Even though fostering eco-literacy may be thought to be the province of science, Capra notes that art education can enhance the ability of the student to recognize and express patterns, and, as a result, learn how to systemic thinking, which allows the student to better appreciate the interdependence and interactivity of ecosystems—eminently useful here is Gablik’s concept of a “connective, participatory aesthetics”, which moves away from “Eurocentric, patriarchal thinking and the ‘dominator’ model of culture toward an aesthetics of interconnectedness, social responsibility, and ecological attunement”. In addition, Hilary Inwood remarks that science educators “freely admit that there has been more success in inducing learners’ attitudinal shifts than in making behavioural ones“, and goes on to cite David Orr’s argument that eco-literacy needs to be integrated into a wide variety of subject areas in order for it to be instilled in students.

There are doubtless many possible pedagogical approaches to eco-art education, though Inwood’s survey of related literature did reveal a number of common characteristics: “community-based, interdisciplinary, experiential, interactive, dialogic, ideologically aware, and built on the values of empathy, sustainability, and respect for the environment“.  What is central to—and in fact, generative of—this blog entry is my belief that art education, being generally concerned with affective learning and imaginative thinking, is a dynamic and powerful means through which changes may be brought about in students, both in attitude and behavior toward vital ecological issues.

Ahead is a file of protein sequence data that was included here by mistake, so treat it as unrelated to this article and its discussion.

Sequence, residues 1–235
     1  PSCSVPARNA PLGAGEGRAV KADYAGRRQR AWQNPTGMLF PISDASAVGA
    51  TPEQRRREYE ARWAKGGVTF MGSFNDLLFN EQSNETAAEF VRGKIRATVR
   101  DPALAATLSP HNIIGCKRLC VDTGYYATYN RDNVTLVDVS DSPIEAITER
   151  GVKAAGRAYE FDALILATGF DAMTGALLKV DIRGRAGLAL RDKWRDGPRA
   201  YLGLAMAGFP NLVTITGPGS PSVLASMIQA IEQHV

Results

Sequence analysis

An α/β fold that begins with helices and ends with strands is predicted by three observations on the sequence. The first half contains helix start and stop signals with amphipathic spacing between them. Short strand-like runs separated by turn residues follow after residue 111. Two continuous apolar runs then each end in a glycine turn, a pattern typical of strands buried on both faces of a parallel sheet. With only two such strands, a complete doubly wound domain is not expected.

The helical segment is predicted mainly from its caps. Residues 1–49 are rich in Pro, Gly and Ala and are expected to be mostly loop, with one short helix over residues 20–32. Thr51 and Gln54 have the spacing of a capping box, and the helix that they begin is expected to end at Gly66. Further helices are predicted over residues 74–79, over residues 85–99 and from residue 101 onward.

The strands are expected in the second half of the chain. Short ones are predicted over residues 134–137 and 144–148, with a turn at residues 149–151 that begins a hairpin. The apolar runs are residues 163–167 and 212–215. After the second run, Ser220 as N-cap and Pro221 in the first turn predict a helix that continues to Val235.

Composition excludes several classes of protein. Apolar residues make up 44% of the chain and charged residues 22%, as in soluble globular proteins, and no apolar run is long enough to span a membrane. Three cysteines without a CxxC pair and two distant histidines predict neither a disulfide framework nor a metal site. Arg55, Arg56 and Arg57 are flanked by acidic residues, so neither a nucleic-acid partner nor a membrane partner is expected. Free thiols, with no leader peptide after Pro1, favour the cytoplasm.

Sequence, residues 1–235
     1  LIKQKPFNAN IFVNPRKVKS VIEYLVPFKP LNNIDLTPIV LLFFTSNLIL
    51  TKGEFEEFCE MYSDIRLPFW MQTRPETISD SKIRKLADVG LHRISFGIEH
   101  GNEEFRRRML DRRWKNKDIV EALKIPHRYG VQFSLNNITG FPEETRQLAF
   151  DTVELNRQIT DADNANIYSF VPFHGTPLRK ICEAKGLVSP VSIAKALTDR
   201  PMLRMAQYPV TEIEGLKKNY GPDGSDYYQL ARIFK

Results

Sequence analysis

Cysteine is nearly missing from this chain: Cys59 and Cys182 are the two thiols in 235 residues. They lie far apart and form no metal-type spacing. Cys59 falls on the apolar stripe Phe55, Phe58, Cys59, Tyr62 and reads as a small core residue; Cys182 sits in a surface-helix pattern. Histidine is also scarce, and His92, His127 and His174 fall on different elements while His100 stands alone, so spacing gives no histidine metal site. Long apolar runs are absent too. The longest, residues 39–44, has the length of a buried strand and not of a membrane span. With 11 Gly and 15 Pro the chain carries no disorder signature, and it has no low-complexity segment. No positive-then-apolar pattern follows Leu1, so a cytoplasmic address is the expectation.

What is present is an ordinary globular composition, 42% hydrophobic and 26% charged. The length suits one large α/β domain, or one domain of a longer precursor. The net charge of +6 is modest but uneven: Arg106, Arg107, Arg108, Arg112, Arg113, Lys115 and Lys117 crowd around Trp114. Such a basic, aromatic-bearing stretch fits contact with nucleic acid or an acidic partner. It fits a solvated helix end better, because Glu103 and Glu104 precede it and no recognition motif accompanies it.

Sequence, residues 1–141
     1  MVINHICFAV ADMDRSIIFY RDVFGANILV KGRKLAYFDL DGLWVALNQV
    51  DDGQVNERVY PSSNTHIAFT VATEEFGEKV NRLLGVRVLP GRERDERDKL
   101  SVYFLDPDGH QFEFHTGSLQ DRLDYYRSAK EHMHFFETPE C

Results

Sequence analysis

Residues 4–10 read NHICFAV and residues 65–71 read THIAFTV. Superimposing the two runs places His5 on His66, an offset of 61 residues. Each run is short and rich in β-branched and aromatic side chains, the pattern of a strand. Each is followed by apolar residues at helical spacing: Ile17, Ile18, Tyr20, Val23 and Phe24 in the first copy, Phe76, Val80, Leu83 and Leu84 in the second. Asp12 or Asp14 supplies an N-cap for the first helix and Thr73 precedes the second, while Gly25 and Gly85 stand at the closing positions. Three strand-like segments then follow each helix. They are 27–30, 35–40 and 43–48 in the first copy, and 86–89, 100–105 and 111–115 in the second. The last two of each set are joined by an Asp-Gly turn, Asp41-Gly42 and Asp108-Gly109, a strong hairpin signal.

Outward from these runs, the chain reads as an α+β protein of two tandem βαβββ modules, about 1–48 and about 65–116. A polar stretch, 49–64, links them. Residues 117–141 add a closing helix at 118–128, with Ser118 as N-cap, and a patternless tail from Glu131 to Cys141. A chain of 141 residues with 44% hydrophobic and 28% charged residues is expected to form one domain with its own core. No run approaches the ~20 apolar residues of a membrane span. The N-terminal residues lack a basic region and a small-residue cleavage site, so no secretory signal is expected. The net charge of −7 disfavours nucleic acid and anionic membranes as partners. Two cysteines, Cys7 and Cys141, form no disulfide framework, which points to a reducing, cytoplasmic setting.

Let me underscore that the root word of “ecology” is the Greek oikos, which means “house”, and is therefore evocative of a network of significant relationships to which one is intimately and intricately connected, and within which no one’s role is insignificant. The acquisition of ecological literacy may then be seen as the activation of an abiding sense of place, by which I refer not only to one’s spatio-temporal location, but also to one’s responsibilities within that spatio-temporal location. If the relative sterility of the contemporary classroom has all but deadened the I to the world, it is the task of what Inwood calls “eco-art education” to reawaken it, to re-seed the eye/I with new possibilities for ecologically literate agency. Such an art education in these times is needed in the most fundamental, urgent sense, for nothing less than our continued survival hangs in the balance.